I’m being sort-of-busy, but I want to keep posting monthly updates about my role-playing experiences. Here you are, then: May 2012.
Long live the Kingdom
My biggest thing last month, in terms of effort and learning, was playtesting Kingdom, an interesting game in development by Ben Robbins (of Microscope fame). I played two one-shot, three-people sessions, one with Barbara and Alessio and the other with Barbara and Simone. I don’t really feel like describing the game at length, in the current stage, but I do recommend you join in for the next round of playtesting – whenever it might be – if you’re even remotely interested in politics as a topic for role-playing games. It’s a clever, novel design, using only the most basic of tried-and-tested building blocks, never trying to fit its in little-explored subject-matter through ill-fitting holes shaped like familiar techniques but rather carefully thinking its approach from the ground up. Reading the text got me pretty excited. In pratice, it didn’t play as smooth as I hoped it would: some subsystems are prone to cause stumbling or player fatigue, but those have been clearly identified are being redesigned – thus, my expectations for this game are very high.
As for the fictional milieu of our playtest sessions, for some reason we went twice for XIX Century settings: Carbonari in the 1820s and then railroad construction in the Wild West. While the Italian setting was the most intriguing one at first, I noticed that the western one made for more successful play, probably because we were significantly less concerned with historical accuracy, while having a huge background of previous fiction to work from (vis-a-vis a seriously underrepresented subject). I don’t think the issue is related to any particular feature of Kingdom, in other words: it would have been the same with almost any role-playing game.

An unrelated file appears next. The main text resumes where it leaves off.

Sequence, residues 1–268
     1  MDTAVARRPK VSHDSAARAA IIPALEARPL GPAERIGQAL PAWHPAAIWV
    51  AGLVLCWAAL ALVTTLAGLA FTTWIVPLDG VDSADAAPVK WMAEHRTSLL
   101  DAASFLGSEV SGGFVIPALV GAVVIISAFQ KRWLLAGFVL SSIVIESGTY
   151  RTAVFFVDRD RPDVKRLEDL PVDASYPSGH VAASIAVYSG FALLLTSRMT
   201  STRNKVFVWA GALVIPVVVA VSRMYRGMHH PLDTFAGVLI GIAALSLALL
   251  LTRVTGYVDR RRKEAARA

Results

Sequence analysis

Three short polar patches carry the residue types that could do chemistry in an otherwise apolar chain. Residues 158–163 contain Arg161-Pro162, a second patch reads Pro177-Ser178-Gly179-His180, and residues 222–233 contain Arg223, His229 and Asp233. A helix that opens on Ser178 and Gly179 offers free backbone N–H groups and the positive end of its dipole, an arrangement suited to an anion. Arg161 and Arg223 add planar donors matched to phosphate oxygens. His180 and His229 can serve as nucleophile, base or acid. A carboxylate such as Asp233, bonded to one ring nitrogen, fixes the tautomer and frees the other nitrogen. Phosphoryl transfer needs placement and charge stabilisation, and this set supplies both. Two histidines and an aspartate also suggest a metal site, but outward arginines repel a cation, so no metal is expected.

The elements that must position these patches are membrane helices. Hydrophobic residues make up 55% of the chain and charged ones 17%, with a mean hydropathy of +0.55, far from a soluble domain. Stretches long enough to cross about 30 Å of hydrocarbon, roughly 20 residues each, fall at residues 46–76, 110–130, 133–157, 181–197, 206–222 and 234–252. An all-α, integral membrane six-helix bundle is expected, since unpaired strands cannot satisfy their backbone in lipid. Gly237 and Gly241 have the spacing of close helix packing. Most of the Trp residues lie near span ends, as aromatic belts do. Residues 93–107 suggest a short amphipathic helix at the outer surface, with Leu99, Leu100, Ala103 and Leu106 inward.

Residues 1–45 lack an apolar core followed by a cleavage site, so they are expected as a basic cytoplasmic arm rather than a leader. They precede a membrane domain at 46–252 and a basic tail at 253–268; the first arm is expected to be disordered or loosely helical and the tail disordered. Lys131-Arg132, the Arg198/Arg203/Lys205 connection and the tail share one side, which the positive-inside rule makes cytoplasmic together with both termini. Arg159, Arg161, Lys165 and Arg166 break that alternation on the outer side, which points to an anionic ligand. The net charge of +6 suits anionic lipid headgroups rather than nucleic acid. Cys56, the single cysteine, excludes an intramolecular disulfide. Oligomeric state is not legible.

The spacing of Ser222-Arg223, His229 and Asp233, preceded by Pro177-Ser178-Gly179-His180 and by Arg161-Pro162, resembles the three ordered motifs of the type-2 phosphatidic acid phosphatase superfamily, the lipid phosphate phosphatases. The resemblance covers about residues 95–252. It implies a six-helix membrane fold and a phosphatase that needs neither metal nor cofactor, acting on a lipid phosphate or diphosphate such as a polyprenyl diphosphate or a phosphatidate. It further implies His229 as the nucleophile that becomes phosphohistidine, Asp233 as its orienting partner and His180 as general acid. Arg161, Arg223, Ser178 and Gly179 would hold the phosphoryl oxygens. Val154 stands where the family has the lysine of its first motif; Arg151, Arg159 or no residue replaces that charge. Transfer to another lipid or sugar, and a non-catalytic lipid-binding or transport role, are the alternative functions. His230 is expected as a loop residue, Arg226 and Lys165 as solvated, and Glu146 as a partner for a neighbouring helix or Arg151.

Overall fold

A personal-level consequence of playtesting Kingdom, and then discussing aspects of it with Barbara, were some important realizations about the rules and practices of scene-framing, its toll on players and its relationship with protagonism and antagonism: I feel like I’m now getting to properly articulate some very fundamental issues I’ve been struggling with in play and tackling, somewhat unconsciously, with design (the newest and yet unreleased draft of Eden especially).
Big in the Alps
Last month as well wasn’t without a gaming convention. I was at GiocaTrento (in Trento, duh!) where – with Patrick, Erik and Jessica – I was basically in charge of the “indie RPGs” corner. I got there with a huge bag full of rpg books, which I pooled with the ones my local friends brought so that we were able to set up a table covered in indie-game-stuff: alluring covers, rough and curiosity- arousing home-bound booklets, assorted items (including a sheathed dagger for playing Mist-Robed Gate). The purpose being, of course, to make our games visible (despite the games themselves being actually intangible) and to have people ask us about them. Turns out we had it easy…